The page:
Directed by Michele Soavi
Starting: David Brandon, Barbara Cupisti, Domenico Fiore
The cast and crew of The Night Owl, a strange horror musical about a killer who hunts his victims in a large owl mask, are hard at work during the final week of rehearsal. We’re offered a quick introduction of the major players though their interactions with each other as tensions run high. Peter (David Brandon) is an overbearing and unscrupulous director trying to get the most out of his unprepared cast, while also trying keeping crooked and philandering producer Ferrari (Piero Vida) away from his actresses. Prankster Brett (John Morghen), who plays the Night Owl in the production, uses his down time to harass the other performers with snarky comments. Rounding out the minor players is Sybil (Jo Anne Smith) who has just discovered she pregnant.
When the production’s lead actress, Alicia (Barbara Cupisti) complains of a sore ankle, the costume designer sneaks her out from under Peter’s watchful eye to the hospital just down the street. Sure it’s a psychiatric hospital, but a doctor is a doctor, right?
The two get more then they bargained for when the insane actor turned serial killer, Irving Wallace (Clain Parker), decides to stow away in the back of their car. After he kills the costume designer in what is one of my top two cinematic pick axe deaths of all time (the other being My Bloody Valentine) Peter decides to take advantage of the misfortune. The show will now premier in 3 days, hoping that ticket sales will increase with the murder. To prepare, he’s done the only sensible thing; lock everyone in the performance hall for some intensive rehearsals. Little does he know that Irving Wallace is locked in with the crew, and the only key get out is about to become lost!
At this point the movie pulls out all the stops as the characters are brutally murdered one after another. The death sequences are pretty fantastic, as Irving shows his skill and creativity with a number of weapons from the stage crews work area. The violent and bloody deaths of the characters, combined with a great musical score makes this movie stand out from other slasher films of its time.
As I started watching the movie, I wasn’t sure I was going to enjoy the experience. The owl mask that is used for the stage musical, and later adopted by Irving, is ridiculous. The acting is overdone, and it feels a little silly at first. Soavi takes these attributes an makes them work in favor of the film. The owl mask goes from laughable to menacing, and is used to create some very memorable visuals, and when put in context of the characters being performers and entertainers, even the over acting doesn’t seem to far out of place.
Isolation is important for a film like this to work well, and I thought the set up with Peter locking everyone, then losing access to the key was brilliant in its simplicity. Because of the time period of the film, it was as easy as pulling a phone cord to keep the victims from reaching the outside world. Modern day psychos have so much more planning to do to pull off a murder spree like this one.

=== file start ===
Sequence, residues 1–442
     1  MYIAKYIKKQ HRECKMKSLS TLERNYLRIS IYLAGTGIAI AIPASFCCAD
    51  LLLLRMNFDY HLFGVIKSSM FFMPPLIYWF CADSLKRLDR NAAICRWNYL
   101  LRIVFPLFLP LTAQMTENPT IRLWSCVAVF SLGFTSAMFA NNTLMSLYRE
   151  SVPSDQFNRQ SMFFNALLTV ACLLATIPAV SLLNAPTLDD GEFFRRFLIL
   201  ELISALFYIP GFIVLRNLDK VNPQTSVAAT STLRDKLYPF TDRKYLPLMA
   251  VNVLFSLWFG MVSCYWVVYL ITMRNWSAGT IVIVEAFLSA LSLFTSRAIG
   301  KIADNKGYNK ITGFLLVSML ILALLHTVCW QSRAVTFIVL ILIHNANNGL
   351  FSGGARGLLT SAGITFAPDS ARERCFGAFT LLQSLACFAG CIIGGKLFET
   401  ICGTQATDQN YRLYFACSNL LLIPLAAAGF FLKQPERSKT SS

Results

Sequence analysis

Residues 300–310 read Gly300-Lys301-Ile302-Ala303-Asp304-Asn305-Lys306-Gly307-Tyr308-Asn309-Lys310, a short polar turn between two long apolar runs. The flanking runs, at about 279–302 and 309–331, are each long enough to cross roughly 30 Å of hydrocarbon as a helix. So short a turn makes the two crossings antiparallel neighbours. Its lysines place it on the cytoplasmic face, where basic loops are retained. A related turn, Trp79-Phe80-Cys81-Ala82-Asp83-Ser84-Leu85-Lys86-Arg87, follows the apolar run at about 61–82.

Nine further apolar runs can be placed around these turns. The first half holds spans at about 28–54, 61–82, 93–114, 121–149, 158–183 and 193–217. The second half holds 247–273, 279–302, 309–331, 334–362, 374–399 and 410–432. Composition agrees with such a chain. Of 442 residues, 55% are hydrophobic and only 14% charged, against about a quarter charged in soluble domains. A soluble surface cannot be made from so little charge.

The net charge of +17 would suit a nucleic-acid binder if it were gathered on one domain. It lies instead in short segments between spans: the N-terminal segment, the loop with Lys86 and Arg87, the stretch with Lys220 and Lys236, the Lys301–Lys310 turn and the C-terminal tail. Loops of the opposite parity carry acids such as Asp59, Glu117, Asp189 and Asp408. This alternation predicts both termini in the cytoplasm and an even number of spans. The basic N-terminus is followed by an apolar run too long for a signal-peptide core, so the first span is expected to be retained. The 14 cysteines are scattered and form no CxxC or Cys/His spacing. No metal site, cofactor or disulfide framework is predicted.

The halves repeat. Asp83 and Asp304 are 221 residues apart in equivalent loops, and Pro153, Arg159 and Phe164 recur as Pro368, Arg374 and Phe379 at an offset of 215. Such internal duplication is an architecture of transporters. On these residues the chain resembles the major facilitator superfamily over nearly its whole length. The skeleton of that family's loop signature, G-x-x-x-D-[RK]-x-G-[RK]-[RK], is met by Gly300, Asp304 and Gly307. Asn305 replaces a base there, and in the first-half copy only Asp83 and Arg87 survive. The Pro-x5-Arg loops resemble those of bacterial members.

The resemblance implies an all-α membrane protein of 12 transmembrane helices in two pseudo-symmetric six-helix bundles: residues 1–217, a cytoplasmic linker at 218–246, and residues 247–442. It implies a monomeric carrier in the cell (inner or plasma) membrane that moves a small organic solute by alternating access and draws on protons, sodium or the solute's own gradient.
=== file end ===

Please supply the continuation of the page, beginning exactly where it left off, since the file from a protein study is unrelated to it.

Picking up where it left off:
The movie’s main mis-step is the pacing once it comes down to Irving hunting the last survivor of his homicidal rampage. The third act shifts back and forth from intense moments of suspense, to rather boring walks around the theater. It’s not unbearable, but it does seem like Soavi was stretching to reach a 90 minute run time.
The blu-ray release of the film is presented in 1080p HD Resolution and a 1.85:1 aspect ratio. For the most part, the video quality is great. Some scenes looked grainy and not as good as the rest of the film.
5.1 DTS-HS/2.0 DTS-HD
No noticeable issues with the sound. Dialouge was clear, the screams were blood curtling, and Simon Boswell’s score sounded excellent!
Packaging and Bonus Features
If you like interviews, this blu-ray release has them! Short interviews with Michele Sovai, two of the actors, the composer and the make-up artist are accessible through the extras menu, as is the theatrical trailer, which is positively spolier-ific. Avoid at all cost until you watch the movie, and then watch it to learn what not to show in a horror film trailer. There’s also a poster and still gallery, which convinced me there were better promotional ideas available for the movie outside of the one the used for the cover. A better trailer and a different cover would have meant a better score in this area.
Overall (Not an Average)
Despite my initial reservations of the movie, Stage Fright an enjoyable watch for me as a fan of 80’s slasher films. Stage Fright is sold mostly on gore and shock value, but it has an artistic element that elevates it above other similar films of its era.